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Wall Street Meat by Andy Kessler
accounting loophole / creative accounting, Andy Kessler, automated trading system, banking crisis, Bob Noyce, George Gilder, index fund, Jeff Bezos, market bubble, Menlo Park, Pepto Bismol, pets.com, Robert Metcalfe, rolodex, Sand Hill Road, Silicon Valley, Small Order Execution System, Steve Jobs, technology bubble, undersea cable, Y2K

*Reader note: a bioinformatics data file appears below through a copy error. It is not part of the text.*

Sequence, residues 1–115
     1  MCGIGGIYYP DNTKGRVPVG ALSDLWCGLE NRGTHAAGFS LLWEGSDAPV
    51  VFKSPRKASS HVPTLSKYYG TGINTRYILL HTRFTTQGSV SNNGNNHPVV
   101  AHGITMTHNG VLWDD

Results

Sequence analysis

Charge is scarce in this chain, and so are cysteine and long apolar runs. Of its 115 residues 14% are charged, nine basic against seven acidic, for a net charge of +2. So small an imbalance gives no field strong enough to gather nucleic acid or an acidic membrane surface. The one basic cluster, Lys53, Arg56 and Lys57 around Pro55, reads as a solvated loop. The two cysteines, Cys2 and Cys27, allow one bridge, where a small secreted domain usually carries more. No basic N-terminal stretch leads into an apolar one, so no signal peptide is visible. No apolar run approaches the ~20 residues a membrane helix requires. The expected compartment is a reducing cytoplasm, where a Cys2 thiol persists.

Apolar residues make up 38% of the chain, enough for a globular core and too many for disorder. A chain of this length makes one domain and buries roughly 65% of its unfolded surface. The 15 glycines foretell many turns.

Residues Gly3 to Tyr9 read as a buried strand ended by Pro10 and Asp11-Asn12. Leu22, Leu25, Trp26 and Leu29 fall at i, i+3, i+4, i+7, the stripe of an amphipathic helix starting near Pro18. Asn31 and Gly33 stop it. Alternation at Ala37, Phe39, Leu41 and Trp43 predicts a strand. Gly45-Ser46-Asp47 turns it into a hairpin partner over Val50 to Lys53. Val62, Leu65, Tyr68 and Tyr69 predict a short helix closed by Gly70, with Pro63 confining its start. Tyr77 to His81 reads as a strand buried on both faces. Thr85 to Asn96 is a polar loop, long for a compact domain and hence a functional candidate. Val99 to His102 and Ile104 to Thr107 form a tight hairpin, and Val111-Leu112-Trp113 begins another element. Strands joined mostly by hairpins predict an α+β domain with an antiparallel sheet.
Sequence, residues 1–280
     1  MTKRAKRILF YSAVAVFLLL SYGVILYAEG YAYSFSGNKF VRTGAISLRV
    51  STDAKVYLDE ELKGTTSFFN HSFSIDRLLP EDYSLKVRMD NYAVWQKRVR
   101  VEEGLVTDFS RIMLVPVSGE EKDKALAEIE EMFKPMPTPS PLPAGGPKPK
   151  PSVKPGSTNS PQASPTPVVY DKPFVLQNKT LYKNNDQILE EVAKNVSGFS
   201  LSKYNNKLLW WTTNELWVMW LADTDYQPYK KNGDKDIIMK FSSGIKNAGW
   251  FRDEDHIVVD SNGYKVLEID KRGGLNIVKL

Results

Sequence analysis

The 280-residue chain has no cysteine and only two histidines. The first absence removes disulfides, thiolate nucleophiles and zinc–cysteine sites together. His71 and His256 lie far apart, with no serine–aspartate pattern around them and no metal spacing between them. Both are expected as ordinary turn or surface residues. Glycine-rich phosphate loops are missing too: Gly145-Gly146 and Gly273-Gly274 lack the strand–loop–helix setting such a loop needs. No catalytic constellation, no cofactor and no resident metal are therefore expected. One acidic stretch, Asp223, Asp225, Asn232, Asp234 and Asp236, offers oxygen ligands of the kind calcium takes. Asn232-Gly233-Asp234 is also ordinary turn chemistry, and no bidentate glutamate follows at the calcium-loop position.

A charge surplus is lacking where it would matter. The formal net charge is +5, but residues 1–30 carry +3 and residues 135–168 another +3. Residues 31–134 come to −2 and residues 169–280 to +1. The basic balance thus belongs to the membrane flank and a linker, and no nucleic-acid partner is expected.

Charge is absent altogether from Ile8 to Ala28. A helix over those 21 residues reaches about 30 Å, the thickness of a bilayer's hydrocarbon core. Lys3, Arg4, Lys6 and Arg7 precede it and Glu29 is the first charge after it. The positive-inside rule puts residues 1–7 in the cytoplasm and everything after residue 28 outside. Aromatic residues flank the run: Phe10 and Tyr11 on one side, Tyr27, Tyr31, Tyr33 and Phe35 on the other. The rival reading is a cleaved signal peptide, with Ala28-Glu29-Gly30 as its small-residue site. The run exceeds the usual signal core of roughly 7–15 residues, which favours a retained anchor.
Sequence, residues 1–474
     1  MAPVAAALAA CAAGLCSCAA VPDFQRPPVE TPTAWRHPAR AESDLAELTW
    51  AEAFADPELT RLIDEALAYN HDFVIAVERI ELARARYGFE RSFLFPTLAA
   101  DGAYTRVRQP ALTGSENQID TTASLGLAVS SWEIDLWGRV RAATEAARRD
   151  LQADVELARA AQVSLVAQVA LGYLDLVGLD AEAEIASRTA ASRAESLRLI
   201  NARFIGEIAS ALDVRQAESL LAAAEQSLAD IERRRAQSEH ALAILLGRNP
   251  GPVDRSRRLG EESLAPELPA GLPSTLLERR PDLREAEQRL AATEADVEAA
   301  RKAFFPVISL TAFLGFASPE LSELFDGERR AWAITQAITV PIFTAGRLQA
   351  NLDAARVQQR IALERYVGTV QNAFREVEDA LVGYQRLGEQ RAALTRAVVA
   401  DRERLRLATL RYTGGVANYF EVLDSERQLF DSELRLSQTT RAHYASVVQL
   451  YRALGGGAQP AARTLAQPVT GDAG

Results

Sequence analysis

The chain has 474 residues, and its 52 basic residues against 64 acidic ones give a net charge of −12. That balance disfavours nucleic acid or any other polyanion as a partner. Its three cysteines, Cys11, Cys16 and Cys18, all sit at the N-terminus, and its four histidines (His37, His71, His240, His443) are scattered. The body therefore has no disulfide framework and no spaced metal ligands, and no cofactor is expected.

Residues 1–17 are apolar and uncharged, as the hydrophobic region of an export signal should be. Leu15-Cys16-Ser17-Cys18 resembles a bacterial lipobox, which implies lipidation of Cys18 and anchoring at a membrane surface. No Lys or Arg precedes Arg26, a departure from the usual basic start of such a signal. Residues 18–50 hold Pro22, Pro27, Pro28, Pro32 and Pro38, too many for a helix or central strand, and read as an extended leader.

See initial public offerings (IPOs) Iraqi invasion of Kuwait, 120 Island (ECN system), 199–200 Jackson, Al, 73, 79 Jacob, Ryan, 183 Jain, Naveen, 214 Janus, 173 Japan, sanctions against, 62–63 Jarrett, Jim, 18, 32 Jett, Joseph, 81 Jobs, Steve, 16–17 Johnson, Robel, 13, 31, 36, 55–56 Jordan, Michael, 68 JP Morgan, 45 junk bonds, 53, 103–4, 118 Kansas, Dave, 182, 183, 201 Kapoor, Ram, 148 Karlgaard, Rich, 146 Kassan, Alan, 154, 157 Kelleher, John, 13 Kelly, George, 102, 123, 125, 126, 128, 155 Kerschner, Ed, 22, 41–42, 45, 52, 71 Kerschner-Pradilla model, 41–42 Kessler, Andy as analyst at Paine Webber (intro), 5–18 in Far East, 150–52, 233 as hardware and software analyst, 127–29 Institutional Investor listing, 79–81, 143 and Mary Meeker, 132–36, 152 media coverage of, 63–64, 67 recruitment by Morgan Stanley, 84–87 reputation of, 243, 246 as strategist, 153–54 251 Index Kessler, Andy (continued) TheStreet.com and, 182–83, 200–202 Velocity Capital Management and, 170–71, 180, 191–94 Kidder Peabody, 79–81 King, Don, 78–79 King, Larry, 144 Kiniry, Tony, 116 Kittler, Fred, 45, 83, 170–71, 191–94 Koogle, Tim, 169 Kravis, Henry, 201 Kravis Kohlberg and Roberts, 118 Kurlak, Tom, 17, 75, 143 Kuwait, invasion of, 120 Lahar, Dave, 74 Lazlo, John, 75 Lee, Charles, 39 Leeson, Nic, 234 Lendl, Ivan, 68 Lerach, William, 198–99 Levenson, John, 139 leveraged buyouts (LBOs), 53, 103, 118 Levine, Josh, 197–98, 199 Liberty Media, 212 Limit Order Display Rule, 198 liquidity, 199, 231 lockups, 201–2 Lockwood, Mike, 56, 57, 69, 71 Lotus, 100 LSI Logic, 19, 26 252 Lycos, 168 Lynch, Peter, 59 Mack, John, 130, 136, 223 Madden, Mike, 80, 81 Magellan fund, 59 “make a market,” 195–96 Malone, John, 210, 212 Mandl, Alex, 210–11, 212 market duration, 21–22 market indexes, 172–73 market offers, 80–81, 86 market transitions, 105 Marron, Don, 38, 39–40, 86 Martin, Eff, 139 Matsushita, 156 McClelland, Carter, 85, 100, 101 169 McDermott, Tom, 13, 23–24, 31, 44, 49, 52, 62, 71, 82, 230 McGraw-Hill, 39 McInerney, Jay, 39–40 Mediavision, 162, 223 Meeker, Mary, 1, 132–36, 140–41, 146, 152, 155, 157, 159–61, 164, 166, 171, 203, 218, 226, 231, 242 media coverage of, 185, 186 Netscape and, 167 Mendelson, Jim, 100, 101, 110, 113, 119, 123, 127, 130 Mendelson risk, 108–9 Merrill Lynch, 130, 184–85, 225–26 Metcalfe, Bob, 214–15 Metzler, Bob, 105, 113, 115–16, 125, 142 Index microchip companies, 143–44 Microcosm (Gilder), 204 Micron Technology, 61 Microsoft, 100–101, 105, 127–29 Milken, Michael, 53 Mlotok, Paul, 88, 121–23 models, 41–42, 111 moles, 238 momentum funds, 147, 168, 173, 185–86, 191, 213–14 Monash, Curt, 11, 43, 78, 81 Montgomery Securities, 126 Moore, Gordon, 17 Morgan Stanley, 1, 24–25, 74 Amazon.com and, 174 analysts’ compensation at, 136 bonus time, 109–10 Kessler hiring, 84–87 price targets and, 92–93 research and, 91–92 and Salomon Brothers scandal, 130 Silicon Graphics and, 161 technology analysts at, 187–88 Morris, Chip, 128 Mosaic Communications, 166 Motorola, 36, 57, 60, 124–25, 204–5 Mueller, Jack, 96, 98, 105–7 Mullins, Keith, 148–49, 218 Muratore, Carol, 74, 100, 110 Murdoch, Rupert, 154 Murtaugh, John, 76 mutual funds, 172–73 IPOs and, 189 momentum funds, 147, 168, 173, 185–86, 191, 213–14 Nacchio, Joe, 212, 217, 220 NASDAQ Market-Makers Antitrust Litigation, 198–99 Neenah Foundry, 30 Netscape, 116, 166–67 New York Times, 62 Nightline, 63–64 Noyce, Bob, 17 oil production, during Kuwait war, 121–23 one hundred phone calls a month program, 47 Operation Desert Storm, 125 options, pricing, 200 out of the money calls, 34 Owens Illinois, 118 Ozyjowski, Ray, 66 Paciﬁc Microelectronics, 127 Paine Webber acquisition of Kidder Peabody, 81 reaction to crash of 1987, 73–74 Palma, Joey, 58 Pangia, Bob, 74 Parekh, Michael, 175 Parkinson, Joe, 61 Paul, Skip, 156–57 personal computers, 100 Pets.com, 180 Pilgrim, Gary, 146, 172–73, 224 253 Index Pilgrim Baxter, 146–47 Pitino, Rick, 68 PMC-Sierra, 127 Preston, Michele, 16, 133 price-earnings ratio inﬁnite P/E, 31–32 multiple, 21–22 Priceline.com, 180 price targets, 92–93, 182 proﬁt statements, 90 Quartner, Doug, 95, 103 Quattrone, Frank, 1, 74, 85, 93, 100–102, 108, 114–15, 126–27, 129, 130–32, 145–46, 154–56, 157–59, 163–64, 242, 244 Amazon.com and, 174–75 boutique within a bulge bracket, 221–24 civil charges pending, 231 CS First Boston and, 179–80 Deutsche Bank and, 169–71, 178–79 “friends of Frank” accounts, 190, 222 Mary Meeker and, 135, 155, 166, 171 Netscape and, 166–67 Synopsys and, 139 Qwest, 219, 220, 221 254 Real Networks, 175, 177 Redstone, Sumner, 154 Reed, John, 227 registered representative Series 7 test, 53–54 Regulation Fair Disclosure, 229 Reingold, Dan, 116–17, 151 reputation, 231, 237–41, 244 research and development, 104 research-only operation, 200–204 reverse conference, 119 Rieper, Alan, 17, 75, 166 Roach, Steve, 122, 153, 204 Robertson Stephens, 168 Rosen, Ben, 14, 24–25, 72–73, 99, 100, 140 Ruvkun, Rick, 101–2, 120, 123–24, 127, 222 Safeguard Data Systems, 148 Safeway, 118–19 Salomon Brothers, 130, 216 Sanders, Jerry, 144–45 Santoro, Carm, 44 Sarbanes-Oxley bill, 229 Sculley, John, 16–17, 146, 155, 207 Sebulsky, Alan, 131 Securities and Exchange Commission (SEC), 54, 197–98 Limit Order Display Rule, 198 Regulation Fair Disclosure, 229 Small Order Execution System, 72, 197–98 Index sell-side ﬁrms, 25 Sequoia Capital, 169 Series 7 registered representative test, 53–54 Sheinberg, Sid, 157 Sherlund, Rick, 128 Shirley, Jon, 100–101, 128 Sierra Semiconductor, 83, 102, 126–27 Silicon Graphics, 161, 165 Silicon Systems, 44 Simplot, JR, 61 Sims, Calvin, 60, 62–64 small-cap analyst, 148 Small Order Execution System (SOES), 72, 197–98, 231 Smith, Steve, 6, 11, 20, 43, 51, 66–67, 74–79 Sorell, Michael, 96 Sperry Univac, 55–56 spinning, 184, 189 Spitzer, Eliot, 225, 228, 229, 245 Sprint, 39 Standard and Poor (S&P) 500 index, 172, 173 stock(s) becoming the “ax” in, 35 future earnings of, 20–21 value, determining, 20–21 stock market crash of October 1987, 71 growth-over-value era, 105 Strandberg, Steve, 93, 102, 114 Sullivan, Scott, 220, 227 Synopsys, 139 T.